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Cheap baseboard alternatives

Over the course of renovating rental property, there have been several times I had to explore cheap baseboard alternatives. I needed something that would be functional and look decent while staying within the confines of a sometimes-strained budget.

My solution won’t win awards but costs a few cents per foot.

But first, if you have baseboards but they’re beat up and worn out, you can patch and paint them. That’s cheaper and easier than replacing them, even with my cheap replacements. Consider that first.

Cheap baseboard alternatives: 1×3 or 1×4 boards

cheap baseboard alternatives

In this basement, we installed inexpensive vinyl tile and used 1×4 boards we painted white as baseboard. It won’t win awards, but it made a dreary basement functional and clean. More importantly, it left us room in the budget to take care of more pressing needs.

When nice moulding isn’t in the budget, I buy either 1×3 or 1×4 boards. Smooth appearance boards look best, but cost more. When you’re on a super-tight budget, you can buy 8-foot lengths sold as furring strips. 1×4 boards cost less than $2 for an 8-foot length, and 1×3 boards cost less than $1.25.

These boards tend to be pretty rough. After all, people normally hide furring strips behind drywall. But with some patience and luck, you can find enough boards that are smooth and straight enough to look OK. Some people learn to love their rustic appearance. I’ve even used them for door or window moulding, or to make a plank ceiling.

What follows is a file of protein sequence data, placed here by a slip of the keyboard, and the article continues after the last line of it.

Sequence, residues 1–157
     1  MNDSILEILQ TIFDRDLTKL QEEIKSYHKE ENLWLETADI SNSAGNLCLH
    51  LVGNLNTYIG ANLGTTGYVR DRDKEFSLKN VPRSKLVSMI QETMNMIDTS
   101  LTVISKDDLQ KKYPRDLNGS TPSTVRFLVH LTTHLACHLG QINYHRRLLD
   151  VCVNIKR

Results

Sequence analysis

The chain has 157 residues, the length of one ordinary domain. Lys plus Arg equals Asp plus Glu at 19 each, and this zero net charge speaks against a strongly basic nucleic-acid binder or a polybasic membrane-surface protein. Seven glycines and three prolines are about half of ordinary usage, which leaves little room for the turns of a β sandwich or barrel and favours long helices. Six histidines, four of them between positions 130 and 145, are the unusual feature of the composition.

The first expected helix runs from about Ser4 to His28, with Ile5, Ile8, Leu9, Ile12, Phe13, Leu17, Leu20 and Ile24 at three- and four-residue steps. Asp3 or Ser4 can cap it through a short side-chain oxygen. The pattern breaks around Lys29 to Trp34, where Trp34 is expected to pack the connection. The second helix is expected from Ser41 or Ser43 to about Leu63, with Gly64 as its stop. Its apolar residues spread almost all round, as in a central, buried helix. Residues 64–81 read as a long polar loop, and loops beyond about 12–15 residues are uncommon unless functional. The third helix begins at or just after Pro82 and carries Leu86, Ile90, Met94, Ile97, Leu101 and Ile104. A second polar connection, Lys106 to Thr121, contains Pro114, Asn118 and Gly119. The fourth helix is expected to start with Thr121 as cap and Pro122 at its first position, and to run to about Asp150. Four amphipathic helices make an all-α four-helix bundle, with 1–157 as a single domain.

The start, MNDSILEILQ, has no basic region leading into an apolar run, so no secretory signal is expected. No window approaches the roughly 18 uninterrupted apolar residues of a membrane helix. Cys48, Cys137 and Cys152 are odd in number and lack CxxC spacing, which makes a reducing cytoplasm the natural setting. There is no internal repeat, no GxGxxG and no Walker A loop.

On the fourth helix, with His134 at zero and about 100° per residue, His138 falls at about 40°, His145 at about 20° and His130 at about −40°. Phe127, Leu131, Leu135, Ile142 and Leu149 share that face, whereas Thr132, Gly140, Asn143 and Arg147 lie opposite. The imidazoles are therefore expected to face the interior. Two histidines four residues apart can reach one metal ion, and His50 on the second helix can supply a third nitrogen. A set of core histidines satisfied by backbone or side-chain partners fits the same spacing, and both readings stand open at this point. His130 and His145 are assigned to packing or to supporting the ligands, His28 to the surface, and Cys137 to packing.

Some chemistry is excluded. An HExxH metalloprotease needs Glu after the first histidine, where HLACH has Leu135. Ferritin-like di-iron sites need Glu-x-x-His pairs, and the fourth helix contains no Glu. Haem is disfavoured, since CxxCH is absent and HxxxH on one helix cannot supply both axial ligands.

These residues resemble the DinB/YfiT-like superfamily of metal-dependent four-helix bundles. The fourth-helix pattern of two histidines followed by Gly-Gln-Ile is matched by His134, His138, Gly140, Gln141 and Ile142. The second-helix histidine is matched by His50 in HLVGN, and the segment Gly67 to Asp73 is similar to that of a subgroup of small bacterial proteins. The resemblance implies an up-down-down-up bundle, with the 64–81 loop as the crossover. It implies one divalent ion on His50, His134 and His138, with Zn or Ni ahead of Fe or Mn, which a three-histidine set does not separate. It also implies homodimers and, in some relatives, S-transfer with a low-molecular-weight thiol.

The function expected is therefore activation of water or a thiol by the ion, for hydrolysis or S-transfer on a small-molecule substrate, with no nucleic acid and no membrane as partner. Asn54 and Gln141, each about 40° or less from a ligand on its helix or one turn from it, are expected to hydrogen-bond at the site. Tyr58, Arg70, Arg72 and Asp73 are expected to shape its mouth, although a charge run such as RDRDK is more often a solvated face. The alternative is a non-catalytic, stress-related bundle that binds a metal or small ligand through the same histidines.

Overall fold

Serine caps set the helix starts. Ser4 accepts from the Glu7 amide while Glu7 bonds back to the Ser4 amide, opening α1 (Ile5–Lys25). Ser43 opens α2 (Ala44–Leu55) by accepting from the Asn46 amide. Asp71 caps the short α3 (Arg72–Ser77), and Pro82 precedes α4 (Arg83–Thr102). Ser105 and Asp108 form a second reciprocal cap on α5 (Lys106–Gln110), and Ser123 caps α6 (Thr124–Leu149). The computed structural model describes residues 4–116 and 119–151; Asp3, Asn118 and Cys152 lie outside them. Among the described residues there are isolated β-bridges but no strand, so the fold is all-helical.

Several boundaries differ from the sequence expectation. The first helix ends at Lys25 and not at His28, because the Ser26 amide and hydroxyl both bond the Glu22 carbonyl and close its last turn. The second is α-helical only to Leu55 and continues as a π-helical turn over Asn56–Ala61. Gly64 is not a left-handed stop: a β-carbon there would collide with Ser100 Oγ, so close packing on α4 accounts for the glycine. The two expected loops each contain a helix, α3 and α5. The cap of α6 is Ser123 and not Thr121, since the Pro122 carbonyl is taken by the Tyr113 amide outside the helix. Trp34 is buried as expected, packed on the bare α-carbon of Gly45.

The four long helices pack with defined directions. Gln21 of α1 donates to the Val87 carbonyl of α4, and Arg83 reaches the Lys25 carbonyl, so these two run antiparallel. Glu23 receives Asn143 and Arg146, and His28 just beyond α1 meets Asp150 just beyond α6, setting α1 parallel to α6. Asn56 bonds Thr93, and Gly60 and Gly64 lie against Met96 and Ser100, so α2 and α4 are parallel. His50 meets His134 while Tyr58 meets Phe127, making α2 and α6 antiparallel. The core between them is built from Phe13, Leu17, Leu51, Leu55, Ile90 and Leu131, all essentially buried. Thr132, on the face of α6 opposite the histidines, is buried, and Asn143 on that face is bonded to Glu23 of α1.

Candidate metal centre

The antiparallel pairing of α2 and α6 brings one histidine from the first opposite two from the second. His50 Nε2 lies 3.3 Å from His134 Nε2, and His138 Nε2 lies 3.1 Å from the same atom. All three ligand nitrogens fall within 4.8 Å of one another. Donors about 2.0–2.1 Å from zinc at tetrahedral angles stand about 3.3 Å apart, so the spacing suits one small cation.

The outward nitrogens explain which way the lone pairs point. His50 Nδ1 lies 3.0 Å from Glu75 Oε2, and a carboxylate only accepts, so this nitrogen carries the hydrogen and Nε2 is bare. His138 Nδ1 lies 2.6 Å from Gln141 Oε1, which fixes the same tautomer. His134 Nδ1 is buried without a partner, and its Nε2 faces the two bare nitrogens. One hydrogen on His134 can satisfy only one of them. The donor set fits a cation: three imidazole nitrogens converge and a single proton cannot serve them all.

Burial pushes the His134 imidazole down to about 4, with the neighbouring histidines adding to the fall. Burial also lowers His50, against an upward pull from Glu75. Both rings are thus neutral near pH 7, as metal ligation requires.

I recommend you paint or stain the boards before use. It’s much easier to paint or stain them outdoors before putting them on the wall. You can stain them to make them look more like pricier wood, but white paint tends to be cheaper. Do what you need to do to meet your budget. If you can, paint all four sides of the boards, as this will make the boards more resistant to warping.

Installing the boards and neatening their appearance

Nail the boards to the wall near the floor, ideally driving the nails into the studs. This helps keep the boards straight. Cheap boards have a tendency to want to warp, so the extra help compensates. I’ve also used construction adhesive in places I can’t use nails, such as along concrete walls, but nails tend to work better.

This doesn’t work as well with stained boards unless you can find a caulk that happens to be close in color to your stain. But you can use caulk to further improve the appearance of painted boards.

After you attach the boards, caulk the edge along the floor and the wall. Put a piece of masking tape along each edge to help keep a neat line. Remove the tape before the caulk cures completely for best results. The caulk helps fill the gaps, disguise the round edges, and give a neater, more finished appearance.

When you combine makeshift 1×3 or 1×4 baseboards with inexpensive vinyl tile, you can make a room look a lot better at a low cost. And then, when the budget permits, you can come back and upgrade.

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